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Oakland County closes malls and playground equipment to curb spread of COVID-19

Aaron Burden

Oakland County’s Health Division is issuing emergency orders, immediately closing shopping malls and putting playground equipment off-limits as the number of COVID-19cases in the county rise.   

The county is also imposing new restrictions on people entering child care facilities.

As of Saturday morning, 225 people in Oakland County have tested positive for the virus. On Friday Oakland County recorded its first coronavirus death. The 50 year old man was the fourth person in Michigan to die since the outbreak.

County health officials say the number of positive test results are expected to continue to rise sharply. They also say they need more test kits to meet rising demand.

Playground equipment in childcare centers are exempt from the order. So are walking trails and grassy areas. The order is in effect until April 17th. 

County health officials say the number of positive test results are expected to continue to rise sharply. They also say they need more test kits to meet rising demand.

Oakland County executive Dave Coulter says the county is identifying places to house people who test positive for the disease, but don’t yet need to be in a hospital.

Coulter says this strategy is based on what has been seen in Italy and New York. 

“Some of the most at-risk people are people living in a household where someone is positive,” Coulter said.

Coulter is asking Oakland County residents to stop going to hair and nail salon and other non-essential businesses.**

“As of now, that is voluntary.  But I will tell you that we are coordinating with the governor and the statewide folks who are looking into this,” Coulter said, “And I believe more steps will be coming and need to be coming to make this requirement for all of our people.”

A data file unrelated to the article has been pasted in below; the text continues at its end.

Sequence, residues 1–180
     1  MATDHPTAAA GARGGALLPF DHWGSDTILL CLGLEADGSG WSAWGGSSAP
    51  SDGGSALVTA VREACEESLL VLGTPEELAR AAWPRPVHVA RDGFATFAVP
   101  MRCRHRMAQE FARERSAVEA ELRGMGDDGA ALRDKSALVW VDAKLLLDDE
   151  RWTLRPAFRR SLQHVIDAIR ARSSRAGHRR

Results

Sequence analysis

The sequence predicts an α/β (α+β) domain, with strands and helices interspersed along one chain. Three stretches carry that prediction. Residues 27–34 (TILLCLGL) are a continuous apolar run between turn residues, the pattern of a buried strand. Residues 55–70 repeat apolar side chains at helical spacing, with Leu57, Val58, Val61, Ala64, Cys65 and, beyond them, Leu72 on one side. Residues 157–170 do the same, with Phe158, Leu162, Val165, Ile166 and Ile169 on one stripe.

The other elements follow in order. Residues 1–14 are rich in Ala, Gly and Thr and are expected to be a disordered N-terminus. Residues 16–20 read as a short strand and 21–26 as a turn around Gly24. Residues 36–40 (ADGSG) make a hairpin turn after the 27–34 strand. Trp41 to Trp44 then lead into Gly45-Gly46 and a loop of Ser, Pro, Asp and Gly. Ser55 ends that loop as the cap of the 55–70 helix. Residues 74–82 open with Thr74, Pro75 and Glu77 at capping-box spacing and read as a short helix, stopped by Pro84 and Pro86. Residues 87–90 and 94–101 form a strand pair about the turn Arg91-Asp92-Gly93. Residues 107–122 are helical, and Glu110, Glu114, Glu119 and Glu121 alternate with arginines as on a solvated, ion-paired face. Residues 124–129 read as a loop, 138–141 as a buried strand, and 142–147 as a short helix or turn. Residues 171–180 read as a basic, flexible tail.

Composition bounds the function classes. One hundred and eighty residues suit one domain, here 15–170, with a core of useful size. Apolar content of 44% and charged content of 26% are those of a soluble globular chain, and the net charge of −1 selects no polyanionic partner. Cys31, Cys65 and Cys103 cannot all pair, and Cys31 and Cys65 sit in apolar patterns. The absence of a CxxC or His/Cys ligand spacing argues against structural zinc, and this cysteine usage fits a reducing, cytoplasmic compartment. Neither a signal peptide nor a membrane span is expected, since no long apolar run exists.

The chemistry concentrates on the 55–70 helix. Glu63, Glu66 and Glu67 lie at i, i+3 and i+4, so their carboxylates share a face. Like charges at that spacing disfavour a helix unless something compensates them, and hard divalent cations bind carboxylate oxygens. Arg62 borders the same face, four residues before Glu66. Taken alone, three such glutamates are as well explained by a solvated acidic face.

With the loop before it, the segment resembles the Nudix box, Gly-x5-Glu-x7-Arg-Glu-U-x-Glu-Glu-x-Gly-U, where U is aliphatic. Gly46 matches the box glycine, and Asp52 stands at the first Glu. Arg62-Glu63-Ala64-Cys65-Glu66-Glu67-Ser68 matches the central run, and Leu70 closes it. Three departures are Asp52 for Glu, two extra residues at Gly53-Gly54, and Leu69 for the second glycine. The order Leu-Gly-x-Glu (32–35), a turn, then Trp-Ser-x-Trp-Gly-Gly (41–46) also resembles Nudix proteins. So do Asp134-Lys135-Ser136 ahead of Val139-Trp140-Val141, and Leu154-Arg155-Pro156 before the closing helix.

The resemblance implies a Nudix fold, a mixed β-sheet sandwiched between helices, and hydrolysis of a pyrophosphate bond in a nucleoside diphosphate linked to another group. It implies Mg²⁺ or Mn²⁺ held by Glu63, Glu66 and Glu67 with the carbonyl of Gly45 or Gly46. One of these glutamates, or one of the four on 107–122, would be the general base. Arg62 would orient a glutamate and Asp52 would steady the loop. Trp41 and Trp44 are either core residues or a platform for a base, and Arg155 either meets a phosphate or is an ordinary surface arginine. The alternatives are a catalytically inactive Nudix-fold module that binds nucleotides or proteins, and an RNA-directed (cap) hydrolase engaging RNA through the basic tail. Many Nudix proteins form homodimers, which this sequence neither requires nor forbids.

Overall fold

**Update 7:00 p.m. Saturday evening, Governor Gretchen Whitmer issued an executive order mandating the closure of salons and other "non-essential personal care service" businesses that require individuals to be 6 feet or less apart.

Credit Oakland County Health Division
Oakland County Health Division charts the number of positive COVID-19 tests by day.

On Friday, Michigan Governor Gretchen Whitmer insisted there are no immediate plans to impose a “shelter in place” order to combat the COVID-19 outbreak. 

As the outbreak grows in the county, Oakland County officials say needed medical supplies are in increasing short supply.

Beginning Monday, the county will start accepting donations of masks, surgical gowns, touchless thermometers and other medical equipment from dentists and other businesses.

“The steps we take today – as individuals, businesses and government – will save lives,” Coulter said. “We have to protect our hospital systems so they stay equipped to help the very sickest. We can get through this together, but we have to act together.”

With the growing outbreak statewide, Whitmer is eying a role for the National Guard in providing humanitarian relief and other missions.

But that concerns Oakland County Sheriff Mike Bouchard. He was on a conference call Friday with state and federal officials discussing the issue. Bouchard worries calling up the National Guard will deplete staffing for local public safety departments. 

“If there’s not an exemption for first responders and even medical folks, it’s going to be an increasing challenge to staff 911 calls,” Bouchard said. 

Statewide, the number of positive COVID-19 cases rose to 549 on Friday.

Oakland County Executive Dave Coulter says the power to slow the spread of the COVID-19 virus is “in our hands.”

This post has been updated to reflect that the closure of hair and nail salons are no longer voluntary, after Governor Gretchen Whitmerissued an executive order Saturday evening.

Steve Carmody has been a reporter for Michigan Public since 2005. Steve previously worked at public radio and television stations in Florida, Oklahoma and Kentucky, and also has extensive experience in commercial broadcasting.